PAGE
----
When I convinced my mom to put my sister in her will, I had her do it with an equal percentage to me. She lowered our percentages to 20% and gave her 4 grandkids 15% each. Sis is miffed that she gave the grandkids anything, but she can’t claim unfairness overall.

But mom also left me and her grandkids more outside of her will via beneficiaries to make up for the difference she wanted and to see that I could help my nephew. My kids know about this and totally understand. Nephew doesn’t (yet) because I don’t want him to get mad and spill the news to sis. I have his in a basic interest bearing account and have told my boys that if something happens to me and H, I’ll haunt them forever if they take his money.

We took more of a tax hit on it this way cashing out IRAs to distribute the extra, but that beats ill will in my mind. If sis ever finds out, so be it, but at this moment I’m sure she doesn’t know or she’d have told me so.

I also had dad try to leave us siblings and each grandkid (of mine) an equal"ish" amount. Sis got the coin collection so she could sell it to get her share. I was supposed to be able to sell “my” house and nephew keep his. My boys are supposed to get cash proceeds. I doubt theirs would have matched their cousin’s, but they understand his situation thoughout his life and are perfectly ok with it.

If anyone wants to leave separate amounts, IMO, beneficiaries are the way to do it if you have the assets in accounts.

I do think, if there is a really good reason to want a different total to each kid, it is better to leave equal portions in the will and do your settling up whilst still alive or, as @Creekland’s Mom did, via TOD/POD designations, with the hope that the person left out, for good reason, never knows.

I have a friend, four siblings, two as co-executors, one is a known greedy person. They will want to buy Mom’s house for the greatest deal ever to keep as a rental, but would expect any sibling to buy it for some number 30-40% higher. It’s just how they are, they want a deal on all things and to make a profit on all things. Another sister is caretaking the failing Mom and the co-executor is trying to get Mom to sign over her carto caretaker sibling now. Greedy sibling would make it all a hassle and a fight. Nice sibling is tired of a lifetime of dealing with greedy/bossy sibling and would prefer to avoid a fight. Mom wants caretaker to get her car. It makes a lot of sense to address it now.

I agree with the other posts, unless you want to present us a situation we have not thought of, don’t leave differing amounts unless it’s extra to a disabled kid, a spendthrift trust for a money waster, etc. But then who has to be that trustee?

1 Like

I’ve had people leave yearly gifts to a child and the will remains equal. What is gifted over the years can remain private. I also had someone buy a new car months before she died, and put the local daughter on the Title. This daughter managed everything day to day for years.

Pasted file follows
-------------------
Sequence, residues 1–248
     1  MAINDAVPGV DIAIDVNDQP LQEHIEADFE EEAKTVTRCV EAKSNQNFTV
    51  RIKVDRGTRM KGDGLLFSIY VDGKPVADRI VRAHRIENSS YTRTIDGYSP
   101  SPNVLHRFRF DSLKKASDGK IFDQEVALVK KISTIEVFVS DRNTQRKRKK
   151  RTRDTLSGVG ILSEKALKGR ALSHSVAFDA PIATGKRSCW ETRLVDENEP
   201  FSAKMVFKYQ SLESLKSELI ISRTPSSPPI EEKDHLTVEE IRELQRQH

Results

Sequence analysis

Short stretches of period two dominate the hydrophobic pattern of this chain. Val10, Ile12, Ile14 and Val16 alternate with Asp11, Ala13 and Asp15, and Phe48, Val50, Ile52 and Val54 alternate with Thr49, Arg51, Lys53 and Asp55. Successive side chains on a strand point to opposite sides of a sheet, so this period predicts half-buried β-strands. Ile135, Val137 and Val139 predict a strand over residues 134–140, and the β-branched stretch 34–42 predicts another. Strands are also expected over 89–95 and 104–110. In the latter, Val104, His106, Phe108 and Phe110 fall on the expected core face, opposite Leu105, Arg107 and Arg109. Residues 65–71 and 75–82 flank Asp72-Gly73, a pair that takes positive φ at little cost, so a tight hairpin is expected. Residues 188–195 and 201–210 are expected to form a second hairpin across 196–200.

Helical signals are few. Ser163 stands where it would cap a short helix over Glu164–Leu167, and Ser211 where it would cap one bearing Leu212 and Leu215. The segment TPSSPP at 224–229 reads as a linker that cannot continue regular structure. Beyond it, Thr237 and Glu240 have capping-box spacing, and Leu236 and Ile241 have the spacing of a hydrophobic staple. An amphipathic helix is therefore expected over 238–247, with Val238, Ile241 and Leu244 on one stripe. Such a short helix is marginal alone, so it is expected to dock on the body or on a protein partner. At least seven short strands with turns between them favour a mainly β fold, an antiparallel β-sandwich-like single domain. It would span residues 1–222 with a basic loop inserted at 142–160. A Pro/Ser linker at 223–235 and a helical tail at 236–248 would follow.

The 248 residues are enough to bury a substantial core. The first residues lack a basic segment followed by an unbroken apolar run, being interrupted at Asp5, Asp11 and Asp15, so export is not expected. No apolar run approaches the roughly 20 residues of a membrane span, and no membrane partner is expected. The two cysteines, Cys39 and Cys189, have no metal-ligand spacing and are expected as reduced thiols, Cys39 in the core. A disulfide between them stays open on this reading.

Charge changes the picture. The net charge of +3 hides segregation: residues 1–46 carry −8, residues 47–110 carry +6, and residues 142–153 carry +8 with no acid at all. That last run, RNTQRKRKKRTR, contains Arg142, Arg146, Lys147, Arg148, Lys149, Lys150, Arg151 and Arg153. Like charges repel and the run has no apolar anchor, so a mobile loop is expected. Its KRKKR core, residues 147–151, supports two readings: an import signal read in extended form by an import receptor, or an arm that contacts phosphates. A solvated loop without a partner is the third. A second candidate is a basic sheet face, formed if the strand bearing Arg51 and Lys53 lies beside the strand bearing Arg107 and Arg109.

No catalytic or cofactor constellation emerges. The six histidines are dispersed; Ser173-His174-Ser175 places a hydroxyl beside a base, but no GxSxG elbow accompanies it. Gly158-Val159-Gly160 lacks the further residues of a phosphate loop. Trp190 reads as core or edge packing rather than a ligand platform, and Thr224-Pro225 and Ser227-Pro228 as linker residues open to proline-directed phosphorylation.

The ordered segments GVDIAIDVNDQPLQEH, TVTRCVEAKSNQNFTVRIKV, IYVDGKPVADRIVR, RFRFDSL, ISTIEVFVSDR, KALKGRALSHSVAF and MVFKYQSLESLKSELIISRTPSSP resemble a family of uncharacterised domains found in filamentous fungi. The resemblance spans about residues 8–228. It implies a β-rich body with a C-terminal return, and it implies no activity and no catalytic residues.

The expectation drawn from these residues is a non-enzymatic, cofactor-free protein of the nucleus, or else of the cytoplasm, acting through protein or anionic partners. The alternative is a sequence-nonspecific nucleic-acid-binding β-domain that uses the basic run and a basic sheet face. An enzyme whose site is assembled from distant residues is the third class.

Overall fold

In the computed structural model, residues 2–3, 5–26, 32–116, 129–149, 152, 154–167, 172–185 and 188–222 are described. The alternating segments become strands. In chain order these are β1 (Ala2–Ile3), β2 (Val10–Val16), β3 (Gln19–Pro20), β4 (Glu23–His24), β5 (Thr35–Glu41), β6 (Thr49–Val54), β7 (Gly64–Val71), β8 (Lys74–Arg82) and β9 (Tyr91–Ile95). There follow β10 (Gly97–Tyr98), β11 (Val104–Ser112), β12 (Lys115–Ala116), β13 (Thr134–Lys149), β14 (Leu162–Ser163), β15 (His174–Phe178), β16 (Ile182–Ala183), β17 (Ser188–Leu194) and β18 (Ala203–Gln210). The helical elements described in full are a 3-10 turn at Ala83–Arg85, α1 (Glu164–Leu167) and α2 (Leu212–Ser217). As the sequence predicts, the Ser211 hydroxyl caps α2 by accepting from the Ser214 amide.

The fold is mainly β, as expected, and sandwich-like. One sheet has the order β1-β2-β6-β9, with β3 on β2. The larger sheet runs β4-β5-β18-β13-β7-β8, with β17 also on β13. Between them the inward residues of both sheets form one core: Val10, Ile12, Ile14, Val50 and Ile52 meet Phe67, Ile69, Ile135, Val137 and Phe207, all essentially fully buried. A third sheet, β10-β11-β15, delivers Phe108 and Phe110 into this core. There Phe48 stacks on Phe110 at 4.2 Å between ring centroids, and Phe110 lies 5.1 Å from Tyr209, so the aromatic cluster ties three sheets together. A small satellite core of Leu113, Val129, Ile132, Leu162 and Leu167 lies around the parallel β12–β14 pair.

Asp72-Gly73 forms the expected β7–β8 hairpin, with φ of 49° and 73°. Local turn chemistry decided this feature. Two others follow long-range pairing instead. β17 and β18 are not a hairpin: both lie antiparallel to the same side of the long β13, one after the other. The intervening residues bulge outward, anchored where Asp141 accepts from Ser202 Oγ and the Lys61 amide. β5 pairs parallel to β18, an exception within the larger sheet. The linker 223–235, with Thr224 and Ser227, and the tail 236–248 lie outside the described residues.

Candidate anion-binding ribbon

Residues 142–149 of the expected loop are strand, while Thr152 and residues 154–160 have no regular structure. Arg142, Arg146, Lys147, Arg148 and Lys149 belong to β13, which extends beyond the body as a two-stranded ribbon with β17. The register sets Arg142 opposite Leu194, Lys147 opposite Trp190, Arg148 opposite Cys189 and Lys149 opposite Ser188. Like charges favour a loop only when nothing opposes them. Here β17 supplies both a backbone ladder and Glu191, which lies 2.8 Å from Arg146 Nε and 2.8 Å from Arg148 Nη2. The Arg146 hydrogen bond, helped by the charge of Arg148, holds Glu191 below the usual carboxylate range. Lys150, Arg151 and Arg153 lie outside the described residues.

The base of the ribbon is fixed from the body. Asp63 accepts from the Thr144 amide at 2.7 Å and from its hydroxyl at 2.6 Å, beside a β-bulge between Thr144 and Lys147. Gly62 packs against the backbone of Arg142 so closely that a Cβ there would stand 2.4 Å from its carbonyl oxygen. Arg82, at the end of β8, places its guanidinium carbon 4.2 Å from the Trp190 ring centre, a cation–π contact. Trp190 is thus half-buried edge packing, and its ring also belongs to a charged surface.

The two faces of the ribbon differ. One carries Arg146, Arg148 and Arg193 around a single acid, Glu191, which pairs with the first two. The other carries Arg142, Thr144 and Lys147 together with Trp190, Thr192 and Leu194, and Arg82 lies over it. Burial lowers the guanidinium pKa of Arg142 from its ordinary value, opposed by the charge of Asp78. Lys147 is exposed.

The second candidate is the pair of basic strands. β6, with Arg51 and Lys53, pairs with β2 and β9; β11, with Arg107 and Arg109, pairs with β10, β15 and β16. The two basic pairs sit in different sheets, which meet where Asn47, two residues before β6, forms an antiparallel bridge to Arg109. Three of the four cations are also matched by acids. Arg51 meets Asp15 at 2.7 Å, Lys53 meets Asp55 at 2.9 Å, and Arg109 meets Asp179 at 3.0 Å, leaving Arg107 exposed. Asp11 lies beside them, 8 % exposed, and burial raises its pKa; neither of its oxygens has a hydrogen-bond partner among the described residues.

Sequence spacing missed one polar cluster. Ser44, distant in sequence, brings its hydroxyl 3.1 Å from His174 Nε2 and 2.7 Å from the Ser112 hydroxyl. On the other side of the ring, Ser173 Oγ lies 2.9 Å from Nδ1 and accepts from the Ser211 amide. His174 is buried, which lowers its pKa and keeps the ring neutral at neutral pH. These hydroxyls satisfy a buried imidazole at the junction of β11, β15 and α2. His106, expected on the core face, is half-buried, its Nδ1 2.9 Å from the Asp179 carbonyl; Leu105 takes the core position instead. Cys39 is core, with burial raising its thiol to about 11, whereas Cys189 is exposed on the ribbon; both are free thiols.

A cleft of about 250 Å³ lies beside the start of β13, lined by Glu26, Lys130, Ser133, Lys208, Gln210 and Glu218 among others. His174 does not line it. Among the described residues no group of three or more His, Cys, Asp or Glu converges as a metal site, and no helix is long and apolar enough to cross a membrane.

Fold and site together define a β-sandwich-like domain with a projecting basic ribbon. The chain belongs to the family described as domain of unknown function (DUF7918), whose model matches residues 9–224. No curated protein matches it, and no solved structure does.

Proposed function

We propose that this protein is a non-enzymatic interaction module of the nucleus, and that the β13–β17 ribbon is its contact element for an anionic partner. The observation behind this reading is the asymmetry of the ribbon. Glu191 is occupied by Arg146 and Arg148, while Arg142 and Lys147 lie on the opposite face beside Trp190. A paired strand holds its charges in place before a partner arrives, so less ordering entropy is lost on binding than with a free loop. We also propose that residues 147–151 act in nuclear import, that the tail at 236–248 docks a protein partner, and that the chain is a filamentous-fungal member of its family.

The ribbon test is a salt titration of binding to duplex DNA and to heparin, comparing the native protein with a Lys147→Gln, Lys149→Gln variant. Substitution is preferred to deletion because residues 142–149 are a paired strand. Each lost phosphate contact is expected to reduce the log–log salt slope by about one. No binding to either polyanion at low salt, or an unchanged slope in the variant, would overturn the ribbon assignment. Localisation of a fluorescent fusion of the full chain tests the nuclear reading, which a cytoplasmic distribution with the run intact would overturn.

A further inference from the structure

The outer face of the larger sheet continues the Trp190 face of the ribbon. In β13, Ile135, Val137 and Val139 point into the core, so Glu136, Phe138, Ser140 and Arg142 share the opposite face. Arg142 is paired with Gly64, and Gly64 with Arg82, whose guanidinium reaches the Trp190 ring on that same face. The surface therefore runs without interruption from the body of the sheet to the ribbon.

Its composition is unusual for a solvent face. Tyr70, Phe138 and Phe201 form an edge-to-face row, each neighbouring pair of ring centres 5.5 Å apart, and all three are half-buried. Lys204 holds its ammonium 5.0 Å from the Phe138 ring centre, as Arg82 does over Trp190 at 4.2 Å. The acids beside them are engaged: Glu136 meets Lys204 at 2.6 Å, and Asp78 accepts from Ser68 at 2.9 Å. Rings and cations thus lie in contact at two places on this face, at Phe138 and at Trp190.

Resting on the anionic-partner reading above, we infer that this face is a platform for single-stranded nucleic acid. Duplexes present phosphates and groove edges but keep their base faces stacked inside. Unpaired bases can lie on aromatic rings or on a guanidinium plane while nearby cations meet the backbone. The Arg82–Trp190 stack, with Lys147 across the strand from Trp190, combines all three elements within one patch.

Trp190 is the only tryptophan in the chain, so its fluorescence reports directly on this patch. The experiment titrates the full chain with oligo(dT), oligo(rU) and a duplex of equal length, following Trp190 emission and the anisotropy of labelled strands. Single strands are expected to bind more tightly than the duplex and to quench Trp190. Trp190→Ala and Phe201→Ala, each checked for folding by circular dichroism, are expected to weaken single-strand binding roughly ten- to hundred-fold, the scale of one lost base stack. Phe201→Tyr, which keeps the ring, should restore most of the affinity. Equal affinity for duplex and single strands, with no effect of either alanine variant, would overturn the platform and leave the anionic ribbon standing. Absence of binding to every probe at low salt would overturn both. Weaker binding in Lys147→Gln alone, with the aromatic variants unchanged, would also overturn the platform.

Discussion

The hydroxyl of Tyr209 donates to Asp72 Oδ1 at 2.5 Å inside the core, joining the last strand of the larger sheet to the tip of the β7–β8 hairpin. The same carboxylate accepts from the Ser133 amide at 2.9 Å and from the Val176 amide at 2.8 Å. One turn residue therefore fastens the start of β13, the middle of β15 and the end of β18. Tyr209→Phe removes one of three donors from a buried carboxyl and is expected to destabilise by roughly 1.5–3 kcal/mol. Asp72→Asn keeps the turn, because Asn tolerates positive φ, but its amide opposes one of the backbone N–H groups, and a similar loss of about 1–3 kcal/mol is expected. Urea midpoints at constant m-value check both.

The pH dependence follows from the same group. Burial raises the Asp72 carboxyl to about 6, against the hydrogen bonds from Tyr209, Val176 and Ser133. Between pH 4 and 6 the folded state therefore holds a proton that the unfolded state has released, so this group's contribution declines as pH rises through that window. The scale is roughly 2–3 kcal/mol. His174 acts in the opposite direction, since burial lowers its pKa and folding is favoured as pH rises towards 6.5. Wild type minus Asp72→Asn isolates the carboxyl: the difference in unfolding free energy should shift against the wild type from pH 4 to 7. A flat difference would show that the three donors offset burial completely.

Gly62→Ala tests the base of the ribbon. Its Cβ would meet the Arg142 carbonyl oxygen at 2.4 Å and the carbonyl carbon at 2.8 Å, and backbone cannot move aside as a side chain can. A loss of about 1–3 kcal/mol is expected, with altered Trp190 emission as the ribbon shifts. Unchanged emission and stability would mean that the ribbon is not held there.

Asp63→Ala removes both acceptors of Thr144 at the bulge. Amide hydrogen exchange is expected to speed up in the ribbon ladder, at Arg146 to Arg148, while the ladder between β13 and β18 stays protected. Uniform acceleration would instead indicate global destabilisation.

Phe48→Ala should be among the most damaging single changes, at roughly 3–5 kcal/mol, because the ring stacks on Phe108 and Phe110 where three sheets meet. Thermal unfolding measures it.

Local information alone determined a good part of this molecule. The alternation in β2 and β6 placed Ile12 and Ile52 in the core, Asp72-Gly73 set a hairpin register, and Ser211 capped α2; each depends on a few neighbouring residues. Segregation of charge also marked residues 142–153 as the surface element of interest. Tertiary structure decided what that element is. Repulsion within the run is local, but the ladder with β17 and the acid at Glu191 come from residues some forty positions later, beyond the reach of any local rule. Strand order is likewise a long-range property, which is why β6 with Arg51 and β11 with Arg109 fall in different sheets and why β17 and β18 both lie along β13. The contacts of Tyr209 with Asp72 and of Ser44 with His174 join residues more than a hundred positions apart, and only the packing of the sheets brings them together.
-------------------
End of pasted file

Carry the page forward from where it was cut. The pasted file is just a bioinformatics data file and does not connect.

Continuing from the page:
It has less to do with income differential. None of these are our situation, but some examples: A child gives all their money to questionable organizations, or has a spouse that would spend it all, or has a drug or gambling addiction, etc. What do you do, if you don’t approve of where the money is likely to go?


We never got into or asked about any details about wills with either set of parents. My parents volunteered info many years before they died and then nothing was said by me about it to them afterwards. It was their money(and not even that much) but it was theirs to do with as they wished.

H’s dad was a nice enough guy but every time any of his kids visited in his later years, he made a point of telling anyone who would listen that he was spending it all and not to expect anything. It was sad as he was an engineer and all 3 of his children were self supporting professional people.Nobody was visiting him or waiting for him to die to get his money! He was almost gleeful about trying to leave nothing behind. And the funny thing was with MIL’s extended decline at the end, that’s exactly what happened. Not much left.

I would hope to be able to leave at least something behind to my kids, even if they don’t even need the money . Take a nice trip on mom and dad. Thank you for being such wonderful sons.


@mikemac, that is a good question. There isn’t going to be that much in trust, so it would be hard to get a third party. I think I tried when we were setting it up. The sister who will be the trustee is in some ways perfect for it. She’s older than my brother. She is a neuropsychologist who works with people with brain injuries, so she is a patient explainer, and is used to people who aren’t making complete sense. But, Condon may be right. I will see if she has the option to appoint an independent trustee if it is not working out.

We have designed trusts to both accomplish estate planning and asset protection. Doing so involves have a trustee who is not a member of the family. We asked a friend, who was a lawyer at one of the very top firms but quit when here husband made tons of money. She spends her time on social philanthropy and loves our kids. She is the trustee both for the dynasty trust that we established and the one I set up for my son to hold his shares in his company. We are the trustees of her kids’ trusts (which are much bigger than ours). But, she is our age. We need to think of a non-family trustee as a replacement in case she dies or isn’t capable or interested in doing the work (there is almost no work now).

There are all kinds of ways to set up a trust that can still be equal. You can by-pass your children and leave the $ to your grand children, have the trust pay out small amounts over time, etc…

In the situations you describe, I think it would be impossible to not have hurt feelings.

If, as you wrote before:

(Let’s call A the kid who may spend the money on something you consider undesirable, called X for simplicity’s sake.)

What you wrote before (“I don’t think they’ll fully understand or accept my reasons”) suggests that A and A’s siblings may not agree with your viewpoint that X is a particularly undesirable thing for A to spend money (inheritance or otherwise) on. Indeed, they (all of them) could see it as an example of overbearing parenting from the grave, if X is something reasonable in their eyes.